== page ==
News » Whistler

Skaha Bluffs access secured

Partnership creates parking lot, preserves access to Okanagan climbing area.



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The newly acquired land falls within the proposed Skaha Bluffs Provincial Park, as recommended in the Okanagan Shuswap Land and Resource Management Plan. The property is comprised of coniferous forest, riparian areas, rugged terrain and some shrub-steppe grasslands — habitat that helps support up to 15 species-at-risk, including California bighorn sheep.

The Skaha Bluffs climbing area is a collection of over 50 gneiss cliffs with over 800 climbs ranging from 10 to 55 metres in length. The region’s long season draws about 18,000 climbers annually from around the world – and in particular from southern B.C. and Alberta. While roughly 75 per cent of the Bluffs used by climbers are located on Crown (public) land, the Bluffs are isolated by a continuous strip of private, residential developments and agricultural land.

“Everybody’s thrilled there’s a piece of property that’s been bought,” said Sean Dougherty, Penticton area climber, guidebook author and owner/operator of the website. “It’s big, and only a small piece needs to be used as a parking lot. The land will provide access for a wide variety of users, including mountain bikers and the sheep, and conservationists. A lot of uses will have to be accommodated in some way, shape or form.”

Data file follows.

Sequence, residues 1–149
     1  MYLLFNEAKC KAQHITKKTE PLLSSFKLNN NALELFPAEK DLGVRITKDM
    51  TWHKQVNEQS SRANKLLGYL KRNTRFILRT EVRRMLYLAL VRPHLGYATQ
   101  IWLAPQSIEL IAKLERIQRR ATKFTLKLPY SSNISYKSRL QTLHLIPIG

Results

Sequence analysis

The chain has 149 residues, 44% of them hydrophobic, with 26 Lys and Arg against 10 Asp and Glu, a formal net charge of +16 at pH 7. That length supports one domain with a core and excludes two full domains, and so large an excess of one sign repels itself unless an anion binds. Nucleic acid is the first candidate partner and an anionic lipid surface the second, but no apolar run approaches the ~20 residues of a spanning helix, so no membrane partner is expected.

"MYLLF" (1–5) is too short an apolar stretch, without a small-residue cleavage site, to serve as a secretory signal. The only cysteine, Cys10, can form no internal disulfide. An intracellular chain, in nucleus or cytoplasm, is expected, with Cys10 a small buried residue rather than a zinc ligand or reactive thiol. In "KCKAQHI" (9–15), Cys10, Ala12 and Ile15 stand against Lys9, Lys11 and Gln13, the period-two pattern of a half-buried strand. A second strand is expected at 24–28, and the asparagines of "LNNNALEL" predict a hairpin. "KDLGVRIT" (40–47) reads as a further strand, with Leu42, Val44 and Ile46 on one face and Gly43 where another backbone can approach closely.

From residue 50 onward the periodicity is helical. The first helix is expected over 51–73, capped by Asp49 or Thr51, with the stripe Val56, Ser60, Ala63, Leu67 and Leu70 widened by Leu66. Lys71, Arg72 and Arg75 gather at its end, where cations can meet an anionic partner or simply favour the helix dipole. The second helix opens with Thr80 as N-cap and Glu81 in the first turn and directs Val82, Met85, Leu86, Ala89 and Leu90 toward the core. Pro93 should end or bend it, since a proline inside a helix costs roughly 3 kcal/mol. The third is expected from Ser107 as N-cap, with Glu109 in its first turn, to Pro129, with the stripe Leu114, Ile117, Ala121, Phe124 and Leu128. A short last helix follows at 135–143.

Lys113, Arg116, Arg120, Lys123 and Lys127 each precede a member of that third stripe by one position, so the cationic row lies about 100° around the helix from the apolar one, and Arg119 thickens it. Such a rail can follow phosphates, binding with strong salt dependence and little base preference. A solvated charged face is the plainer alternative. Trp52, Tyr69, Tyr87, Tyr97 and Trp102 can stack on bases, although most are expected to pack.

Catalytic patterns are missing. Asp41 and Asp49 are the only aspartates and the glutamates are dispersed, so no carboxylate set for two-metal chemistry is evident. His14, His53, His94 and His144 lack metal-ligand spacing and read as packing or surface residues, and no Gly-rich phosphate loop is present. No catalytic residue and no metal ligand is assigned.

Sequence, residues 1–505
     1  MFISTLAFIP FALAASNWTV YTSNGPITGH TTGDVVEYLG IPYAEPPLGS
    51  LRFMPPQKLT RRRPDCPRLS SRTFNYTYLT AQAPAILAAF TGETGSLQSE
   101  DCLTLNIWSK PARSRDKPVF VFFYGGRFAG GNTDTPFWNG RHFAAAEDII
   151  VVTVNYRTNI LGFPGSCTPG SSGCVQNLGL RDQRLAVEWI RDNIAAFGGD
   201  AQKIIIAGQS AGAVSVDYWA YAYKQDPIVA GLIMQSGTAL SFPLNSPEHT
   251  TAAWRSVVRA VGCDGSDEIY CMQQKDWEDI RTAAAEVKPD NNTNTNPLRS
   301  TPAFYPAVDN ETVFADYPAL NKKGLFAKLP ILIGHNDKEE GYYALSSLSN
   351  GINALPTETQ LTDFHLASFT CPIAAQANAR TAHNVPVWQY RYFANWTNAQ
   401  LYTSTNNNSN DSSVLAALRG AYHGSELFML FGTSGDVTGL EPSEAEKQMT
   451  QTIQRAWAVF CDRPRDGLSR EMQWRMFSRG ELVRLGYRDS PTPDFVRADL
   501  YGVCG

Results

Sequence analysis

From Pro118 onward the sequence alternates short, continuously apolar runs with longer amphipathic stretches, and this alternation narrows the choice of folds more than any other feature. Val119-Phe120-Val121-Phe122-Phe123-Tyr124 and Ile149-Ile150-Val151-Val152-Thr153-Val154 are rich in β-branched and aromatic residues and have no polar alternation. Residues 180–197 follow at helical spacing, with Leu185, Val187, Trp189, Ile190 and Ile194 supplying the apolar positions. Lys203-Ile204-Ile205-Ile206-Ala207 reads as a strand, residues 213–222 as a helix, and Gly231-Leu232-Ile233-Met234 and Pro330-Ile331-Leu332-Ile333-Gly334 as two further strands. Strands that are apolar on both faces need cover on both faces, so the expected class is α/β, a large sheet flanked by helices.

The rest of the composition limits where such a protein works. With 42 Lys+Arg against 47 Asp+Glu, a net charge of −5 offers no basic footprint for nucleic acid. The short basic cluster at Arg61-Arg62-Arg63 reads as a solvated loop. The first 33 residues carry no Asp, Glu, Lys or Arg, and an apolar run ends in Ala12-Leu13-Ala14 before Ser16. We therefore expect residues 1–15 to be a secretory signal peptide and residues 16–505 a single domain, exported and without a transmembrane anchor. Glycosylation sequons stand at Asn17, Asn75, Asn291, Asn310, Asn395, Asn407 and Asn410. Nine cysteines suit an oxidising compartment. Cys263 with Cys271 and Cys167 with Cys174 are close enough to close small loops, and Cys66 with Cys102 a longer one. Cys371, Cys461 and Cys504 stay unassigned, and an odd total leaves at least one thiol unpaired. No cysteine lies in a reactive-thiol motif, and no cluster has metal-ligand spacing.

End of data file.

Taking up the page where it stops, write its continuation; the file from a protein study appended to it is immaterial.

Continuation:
But while the land purchase does provide a long-term solution, Dougherty said, arrangements for the 2008 spring climbing season have yet to be sorted out.

“It’s not clear what’s going to happen this year at all,” Dougherty said. “There remains a lot to be done. The road is not sufficiently good to allow passage of 100 cars on Easter weekend. And we do have to drive across someone else’s property to get to it. It’s not a simple slam dunk. The solution is still a work in progress.”

For those familiar with the Skaha climbing area, the new parking will be situated directly to the south of the bluffs – an immediate right turn from the top of the long, steep staircase sport climbers have been grumbling their way up for years.

“It will make the walk shorter, there won’t be any stairs, it will be the same level as the stairs,” Dougherty said.

Stairs or not, all parties agree the news is good news.